Gun shop shooter terrified about family's safety

By Staff Reporters

The machete-wielding man who burst into a gunshop repeatedly screamed, "give me the guns or I'll kill you", seconds before he was shot in the stomach by the terrified gun dealer, the family of the dealer said yesterday.

As public support grew for Auckland father-of-two Greg Carvell, 33, his family yesterday revealed more alleged details of the incident and said Carvell was now terrified for the safety of his wife and two young daughters.

According to Carvell's father and shop co-owner, Ray Carvell, his son watched from behind the counter of his Penrose gunshop as 29-year-old Ricky Beckham walked past the shop windows about 10am on Thursday.

He then burst in, pulling a machete from his bag and cornering Carvell and co-worker Bruce Motley into the side staff area, Ray Carvell told the Herald on Sunday yesterday.

"He was threatening them with their lives. He said: 'Give me the guns or I'll kill you.' He kept repeating it... It happened in a matter of seconds. What would you do?" said Carvell snr of his son's actions.

Greg Carvell then did "the only thing he could do", Carvell snr said: he shot Beckham in the stomach at close range with a handgun.

Beckham dropped the machete and staggered towards the door before he fell, and Carvell ran to give him first aid. Motley rang emergency services.

Carvell snr, who was not in the shop when the incident happened, said staff now believed they had seen Beckham in the shop before, perhaps "casing out the joint".

The ordeal has left Greg Carvell so worried for his family's safety that he had moved his 9-month-old daughter into his room to keep her close by, said Carvell snr.

Auckland University senior law lecturer Scott Optican said Beckham's alleged comments before the shooting bolstered Carvell's claim of self-defence. He said the words could be used in evidence if the defence was required. "The guy [allegedly] said 'I am going to kill'. If that is true, it makes his legitimate claim of self-defence even stronger. Why should he not take him at his word? As it is, I think he's got a very strong case... it looks like a classic paradigm case of self-defence."

Yesterday, a visibly upset Greg Carvell said he did not want to comment until police had decided what action, if any, to take. He spent the day reassuring his wife and children as he waited to find out if police would charge him over the shooting.

Bruce Motley, the store's manager, said he went straight to his youngest daughter's home after the incident and had "a couple of very stiff drinks".

He went back to work the next day but was still so traumatised he only made it through a few hours.

He would not go over the attack in detail but said Beckham "definitely wasn't after money".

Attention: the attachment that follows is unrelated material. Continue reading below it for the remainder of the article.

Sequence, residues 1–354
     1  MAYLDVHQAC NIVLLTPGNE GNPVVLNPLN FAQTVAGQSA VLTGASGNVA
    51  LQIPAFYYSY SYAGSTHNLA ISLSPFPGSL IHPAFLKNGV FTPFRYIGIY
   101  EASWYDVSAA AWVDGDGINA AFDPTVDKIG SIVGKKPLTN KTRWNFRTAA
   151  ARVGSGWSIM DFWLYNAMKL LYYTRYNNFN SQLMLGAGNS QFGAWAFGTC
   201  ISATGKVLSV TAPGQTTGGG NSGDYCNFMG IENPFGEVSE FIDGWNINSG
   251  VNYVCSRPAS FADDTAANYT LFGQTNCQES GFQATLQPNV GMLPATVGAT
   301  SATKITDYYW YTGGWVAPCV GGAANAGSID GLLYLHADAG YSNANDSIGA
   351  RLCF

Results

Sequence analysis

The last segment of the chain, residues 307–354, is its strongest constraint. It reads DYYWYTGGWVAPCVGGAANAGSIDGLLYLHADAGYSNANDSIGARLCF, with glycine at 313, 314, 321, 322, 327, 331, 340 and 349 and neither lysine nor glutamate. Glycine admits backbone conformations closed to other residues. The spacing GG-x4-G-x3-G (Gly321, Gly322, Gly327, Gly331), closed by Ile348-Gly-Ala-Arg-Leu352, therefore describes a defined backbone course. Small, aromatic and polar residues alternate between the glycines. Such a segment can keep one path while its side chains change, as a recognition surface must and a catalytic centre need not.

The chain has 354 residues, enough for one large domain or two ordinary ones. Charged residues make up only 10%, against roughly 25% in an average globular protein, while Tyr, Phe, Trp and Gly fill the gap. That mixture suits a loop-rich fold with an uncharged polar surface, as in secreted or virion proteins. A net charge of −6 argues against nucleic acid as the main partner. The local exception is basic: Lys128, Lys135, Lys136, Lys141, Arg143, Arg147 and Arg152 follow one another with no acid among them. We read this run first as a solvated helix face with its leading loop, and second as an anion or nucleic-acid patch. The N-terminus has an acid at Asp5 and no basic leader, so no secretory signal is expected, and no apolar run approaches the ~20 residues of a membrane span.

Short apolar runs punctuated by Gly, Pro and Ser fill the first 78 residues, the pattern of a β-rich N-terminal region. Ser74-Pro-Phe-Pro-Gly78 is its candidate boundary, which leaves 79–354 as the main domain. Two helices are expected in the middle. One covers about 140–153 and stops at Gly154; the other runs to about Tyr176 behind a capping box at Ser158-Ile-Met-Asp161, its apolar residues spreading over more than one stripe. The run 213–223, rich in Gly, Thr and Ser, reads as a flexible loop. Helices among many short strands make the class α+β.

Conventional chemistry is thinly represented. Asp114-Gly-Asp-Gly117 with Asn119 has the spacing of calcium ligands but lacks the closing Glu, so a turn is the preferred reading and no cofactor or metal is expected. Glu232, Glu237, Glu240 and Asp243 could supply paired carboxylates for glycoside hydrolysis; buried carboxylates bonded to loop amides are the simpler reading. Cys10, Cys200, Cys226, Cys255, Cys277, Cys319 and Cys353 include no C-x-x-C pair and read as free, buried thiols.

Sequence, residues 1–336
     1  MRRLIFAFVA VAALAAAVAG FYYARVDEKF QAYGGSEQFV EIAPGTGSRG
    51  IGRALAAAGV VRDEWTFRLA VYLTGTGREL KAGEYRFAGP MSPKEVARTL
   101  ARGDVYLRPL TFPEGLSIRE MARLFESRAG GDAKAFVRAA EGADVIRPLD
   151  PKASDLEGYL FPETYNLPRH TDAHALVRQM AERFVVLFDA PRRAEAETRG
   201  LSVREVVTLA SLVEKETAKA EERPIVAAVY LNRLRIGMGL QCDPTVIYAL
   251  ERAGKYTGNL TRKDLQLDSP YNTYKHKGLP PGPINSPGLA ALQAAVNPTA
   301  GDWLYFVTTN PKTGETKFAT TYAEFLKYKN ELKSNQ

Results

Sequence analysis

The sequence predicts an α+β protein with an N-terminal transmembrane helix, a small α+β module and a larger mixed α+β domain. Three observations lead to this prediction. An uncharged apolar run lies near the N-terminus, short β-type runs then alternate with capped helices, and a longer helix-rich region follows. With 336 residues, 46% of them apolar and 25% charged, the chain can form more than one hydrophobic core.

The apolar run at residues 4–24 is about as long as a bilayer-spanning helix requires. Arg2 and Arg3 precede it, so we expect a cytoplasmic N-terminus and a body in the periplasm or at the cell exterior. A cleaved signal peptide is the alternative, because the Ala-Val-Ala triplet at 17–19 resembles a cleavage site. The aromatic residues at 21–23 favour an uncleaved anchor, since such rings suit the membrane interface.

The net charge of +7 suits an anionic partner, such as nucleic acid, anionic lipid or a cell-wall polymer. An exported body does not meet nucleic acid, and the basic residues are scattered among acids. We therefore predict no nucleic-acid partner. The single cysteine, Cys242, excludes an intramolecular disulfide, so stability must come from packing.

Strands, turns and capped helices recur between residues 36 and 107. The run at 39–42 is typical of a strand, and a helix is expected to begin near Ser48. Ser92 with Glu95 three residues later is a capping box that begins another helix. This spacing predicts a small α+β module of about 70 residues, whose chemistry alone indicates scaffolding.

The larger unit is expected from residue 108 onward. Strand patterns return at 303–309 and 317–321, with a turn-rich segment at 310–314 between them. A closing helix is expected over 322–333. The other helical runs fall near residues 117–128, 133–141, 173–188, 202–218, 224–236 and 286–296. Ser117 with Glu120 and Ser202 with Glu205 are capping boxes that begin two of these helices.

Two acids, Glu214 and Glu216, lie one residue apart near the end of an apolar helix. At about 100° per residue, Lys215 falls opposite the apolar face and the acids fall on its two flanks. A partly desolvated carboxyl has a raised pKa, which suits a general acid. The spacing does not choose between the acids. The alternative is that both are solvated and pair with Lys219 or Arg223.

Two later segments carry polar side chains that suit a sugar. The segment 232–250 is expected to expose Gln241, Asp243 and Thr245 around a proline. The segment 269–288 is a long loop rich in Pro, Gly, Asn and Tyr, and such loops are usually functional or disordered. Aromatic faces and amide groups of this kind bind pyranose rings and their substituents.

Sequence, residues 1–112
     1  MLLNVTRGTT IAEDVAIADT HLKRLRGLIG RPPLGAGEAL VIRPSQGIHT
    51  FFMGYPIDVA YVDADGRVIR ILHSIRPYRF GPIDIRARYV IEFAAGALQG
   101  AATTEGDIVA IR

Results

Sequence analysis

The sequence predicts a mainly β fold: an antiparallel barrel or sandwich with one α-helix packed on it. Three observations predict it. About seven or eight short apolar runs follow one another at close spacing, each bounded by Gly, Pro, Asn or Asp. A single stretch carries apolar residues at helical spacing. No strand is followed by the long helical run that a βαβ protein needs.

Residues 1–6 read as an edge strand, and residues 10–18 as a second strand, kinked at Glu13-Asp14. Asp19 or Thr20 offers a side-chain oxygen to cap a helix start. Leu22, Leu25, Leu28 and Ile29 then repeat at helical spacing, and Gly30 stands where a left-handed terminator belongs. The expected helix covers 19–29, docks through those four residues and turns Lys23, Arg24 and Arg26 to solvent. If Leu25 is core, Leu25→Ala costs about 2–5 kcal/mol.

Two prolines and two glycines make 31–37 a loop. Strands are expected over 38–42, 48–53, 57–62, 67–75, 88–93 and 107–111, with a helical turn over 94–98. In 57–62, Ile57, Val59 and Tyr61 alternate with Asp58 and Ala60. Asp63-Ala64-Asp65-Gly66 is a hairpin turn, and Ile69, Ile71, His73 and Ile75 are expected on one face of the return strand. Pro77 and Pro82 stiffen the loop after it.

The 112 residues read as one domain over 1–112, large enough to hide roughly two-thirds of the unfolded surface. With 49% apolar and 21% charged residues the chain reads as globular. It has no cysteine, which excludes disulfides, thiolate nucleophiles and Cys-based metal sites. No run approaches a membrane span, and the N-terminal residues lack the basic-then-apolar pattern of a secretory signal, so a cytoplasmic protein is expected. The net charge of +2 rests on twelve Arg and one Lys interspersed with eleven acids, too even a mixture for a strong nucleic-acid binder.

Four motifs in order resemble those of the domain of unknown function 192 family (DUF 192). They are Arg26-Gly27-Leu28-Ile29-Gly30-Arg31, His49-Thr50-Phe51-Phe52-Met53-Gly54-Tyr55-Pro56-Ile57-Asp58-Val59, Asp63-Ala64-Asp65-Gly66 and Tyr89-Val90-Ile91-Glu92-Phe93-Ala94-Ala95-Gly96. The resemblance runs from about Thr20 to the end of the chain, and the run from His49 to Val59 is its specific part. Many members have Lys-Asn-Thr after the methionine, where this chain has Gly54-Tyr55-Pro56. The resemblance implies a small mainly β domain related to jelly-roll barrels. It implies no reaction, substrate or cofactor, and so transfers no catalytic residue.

The Carvell family is also angry at the police's handling of the incident, which they say has left them "feeling more like suspects than victims".

Detective Senior Sergeant Simon Scott said yesterday police had not yet spoken to Beckham, who last night remained under police guard in Auckland Hospital and was reported to be in a stable condition and able to talk.

"We're waiting for advice from the medical experts as to when we can do that," he said. "Over the next few days we should be able to speak to him and get his side of the story."

Scott said inquiries were continuing this weekend into the incident, and a decision on whether any charges would be laid was not expected until this week.

Speculation has centred on how Carvell was able to have access to a loaded handgun in such a short period of time. But Carvell snr said they had nothing to hide.

"The gun was not loaded in the technical sense [before Beckham entered the shop]. I'm not telling you where it was, but it was not on the desk loaded... A firearm can be loaded very quickly."

Carvell snr, a well-known gun lobbyist, also said he thought the rules around about people not having loaded guns to protect themselves were "crap" in any case.

"Why shouldn't everyone be able to arm themselves? The police don't help you any more."

Last night, Paul McIntyre, the farmer who shot and wounded robber Sam Hati, who had attempted to steal his farm bike, spoke out in Carvell's defence. McIntyre was charged with shooting and injuring Hati with reckless disregard for the safety of others following the incident in October 2002.

He was also charged with discharging a shotgun without reasonable cause in a manner likely to endanger the safety of others.

McIntyre endured a three-year, $70,000 trial but was ultimately found not guilty.

"I don't think they'll ever get a jury to convict him," he said last night.

"The guy who did the shooting has probably saved a few hundred lives. If that idiot had got hold of a few hundred guns, you don't know who would have been shot.

"You've got the right to defend yourself and others, and that's always in the back of your mind.

"You don't know until you're actually faced with a set of circumstances.

"The criminals think they've got more rights than law abiding actors, I feel sorry for the guy who shot him. I've got no pity for the idiot who went into a gun shop with a machete."

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